Presents numerous practical examples throughout and examines the importance of and best practices for recordkeeping protocols. This book is an excellent resource and guide relevant to a broad audience, including academia, legal professionals, workplace managers, safety professionals, students, and administrators at all levels.
Safe(r) by design implementation in the nanotechnology industry
by Jiméneza, Araceli Sánchez and others, NanoImpact, October 2020, Volume 20, 100267
The implementation of Safe(r) by Design (SbD) in industrial innovations requires an integrated approach where the human, environmental and economic impact of the SbD measures is evaluated across and throughout the nanomaterial (NM) life cycle. SbD was implemented in six industrial companies where SbD measures were applied to NMs, nano-enabled products (NEPs) and NM/NEP manufacturing processes.
The approach considers human and environmental risks, functionality of the NM/NEP and costs as early as possible in the innovation process, continuing throughout the innovation progresses. Based on the results of the evaluation, a decision has to be made on whether to continue, stop or re-design the NM/NEP/process or to carry out further tests/obtain further data in cases where the uncertainty of the human and environmental risks is too large. However, SbD can also be implemented at later stages when there is already a prototype product or process available, as demonstrated in some of the cases.
The SbD measures implemented in some of the case studies did not result in a viable solution. For example the coating of silicon nanoparticles with amorphous carbon increased the conductivity, the stability and reduced the dustiness of the particles and therefore the risk of explosion and the exposure to workers. However the socioeconomic assessment for their use in lithium-ion batteries for cars, when compared to the use of graphite, showed that the increase in performance did not overcome the higher production costs.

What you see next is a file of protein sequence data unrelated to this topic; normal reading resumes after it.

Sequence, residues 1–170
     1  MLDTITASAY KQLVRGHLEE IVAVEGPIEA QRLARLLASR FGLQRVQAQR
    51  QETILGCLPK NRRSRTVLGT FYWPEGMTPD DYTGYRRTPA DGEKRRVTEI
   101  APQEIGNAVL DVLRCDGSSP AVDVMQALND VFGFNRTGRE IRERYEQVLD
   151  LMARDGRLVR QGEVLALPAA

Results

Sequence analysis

This work illustrates the complexities of selecting the most appropriate SbD measures and highlights that SbD cannot be solely based on a hazard and exposure assessment but must include other impacts that any SbD measures may have on sustainability including energy consumption and waste generation as well as all associated monetary costs.
Safer and stronger together? Effects of the agglomeration on nanopowders explosion
by Audrey Santandrea, Stéphanie Pacault, Sébastien Bau, Yohan Oudart, Alexis Vignes, Laurent Perrin, Olivier Dufaud, Journal of Loss Prevention in the Process Industries, 19 November 2020, 104348
Among the factors influencing dust explosion, the particle size distribution (PSD) is both one of the most important and complex to consider. For instance, it is commonly accepted that the explosion sensitivity increases when the particle size decreases. Such an assertion may be questionable for nano-objects which easily agglomerate. However, agglomerates can be broken during the dispersion process. Correlating the explosion parameters to the actual PSD of a dust cloud at the moment of the ignition becomes then essential.
The effects of the moisture content and sieving were investigated on a nanocellulose powder and the impact of a mechanical agglomeration was evaluated using a silicon coated by carbon powder. Each sample was characterized before and after dispersion using in situ laser particle size measurement and a fast mobility particle sizer, and explosion and minimum ignition energy tests were conducted respectively in a 20 L sphere and in a modified Hartmann tube. It was observed that drying and/or sieving the nanocellulose mainly led to variations in terms of ignition sensitivity but only slightly modified the explosion severity.
In contrast, the mechanical agglomeration of the silicon coated by carbon led to a great decrease in terms of ignition sensitivity, with a minimum ignition energy varying from 5 mJ for the raw powder to more than 1 J for the agglomerated samples. The maximum rate of pressure rise also decreased due to modifications in the reaction kinetics, inducing a transition from St2 class to St1 class when agglomerating the dust.
KEEP SAFE, STAY WELL – https://www.gov.uk/coronavirus